His best known production is his alle he was long spoken of, but seldom read; an gorical poem of “The Cherrie and the Slae," | I am willing to believe that the fortunat on which Allan Ramsay formed the model of use of Pinkerton contributed to his fame, I his “Vision," and to one particular passage arming in his behalf all the lovers of old See in which he was indebted for his description tish song. The cast of his genius is lyrics of the Genius of Caledonia. It was first pub- there is a sweetness and a liquid motion abo lished in 1595, and reprinted two years later even his most elaborate productions, and o by Robert Waldegrave, “ according to a copie cannot easily avoid chanting many passages corrected by the author himselfe." Another | perusal. His thoughts are ready, his ima


The painted pawn with Argos eyis

at hand, and his illustrations natural and play of scholarship was less affected then than
apt. His language is ever flowing, felicitous, it would be now. To glance, as the stream of
and abundant. His faults are the faults of story flows along, at old glory and at ancient
the times. Printing had opened the treasures things, is very well when happily managed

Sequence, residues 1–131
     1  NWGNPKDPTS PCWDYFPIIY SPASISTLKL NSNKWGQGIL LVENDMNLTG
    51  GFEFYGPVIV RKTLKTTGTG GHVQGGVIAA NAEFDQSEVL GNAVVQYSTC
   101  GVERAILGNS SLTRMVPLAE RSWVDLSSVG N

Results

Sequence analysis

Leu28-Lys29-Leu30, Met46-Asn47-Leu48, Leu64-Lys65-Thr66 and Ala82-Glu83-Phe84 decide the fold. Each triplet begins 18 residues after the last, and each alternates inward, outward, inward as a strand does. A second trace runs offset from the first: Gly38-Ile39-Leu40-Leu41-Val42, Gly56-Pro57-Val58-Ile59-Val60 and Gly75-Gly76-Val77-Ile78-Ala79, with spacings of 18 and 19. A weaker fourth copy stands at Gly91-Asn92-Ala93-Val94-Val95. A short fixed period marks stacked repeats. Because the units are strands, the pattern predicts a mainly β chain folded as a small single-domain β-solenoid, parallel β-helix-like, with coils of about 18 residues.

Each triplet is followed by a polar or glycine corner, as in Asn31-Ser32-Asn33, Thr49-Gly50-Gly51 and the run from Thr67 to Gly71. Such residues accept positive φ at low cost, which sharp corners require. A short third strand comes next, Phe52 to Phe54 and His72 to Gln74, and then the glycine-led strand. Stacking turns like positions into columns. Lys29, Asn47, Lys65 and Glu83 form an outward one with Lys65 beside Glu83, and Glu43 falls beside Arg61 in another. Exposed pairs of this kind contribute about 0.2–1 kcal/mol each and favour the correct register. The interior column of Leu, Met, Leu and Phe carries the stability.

of ancient lore; and all our compositions were and not dwelt upon; but Venus can only come
speckled and spotted with classical allusions. into courtships now to be laughed at, and the
He embalms conceits in a stream of melody, most reasonable god in all the mythology will
and seeks to consecrate anew the faded splen- abate rather than increase the interest of any
dour of the heathen mythology. Such dis-living poet's song.”

Sum feiding, sum dreiding

The hunter's subtile snairs,

With skipping and tripping,

They playit them all in pairs.
About an bank with balmy bewis,
Quhair nychtingales thair notis renewis, The air was sobir, saft, and sweit,
With gallant goldspinks gay;

Nae misty vapours, wind, nor weit,
The mavis, merle, and progne proud,

But quyit, calm, and clear,
The lintquhyt, lark, and laverock loud, To foster Flora's fragrant flowris,
Salutit mirthful May.

Quhairon Apollo's paramouris,
Quhen Philomel had sweitly sung,

Had trinklit mony a teir;
To progne scho deplord,

The quhilk lyke silver schaikers shynd,
How Tereus cut out hir tung,

Embroydering bewties bed,
And falsly bir deflourd;

Quhairwith their heavy heids declynd,
Quilk story so sorie

In Mayis collouris cled,
To schaw hir self scho semit,

Sum knoping, sum droping,
To heir hir so neir hir,

Of balmy liquor sweit,
I doubtit if I dreimit.

Excelling and smelling,

Throw Phebus hailsum heit.
The cushat crouds, the corbie crys,
The coukow coulks, the prattling pyes

Methocht an heavenlie heartsum thing, 1 To geck hir they begin:

Quhair dew lyke diamonds did hing,
The jargoun or the jangling jayes,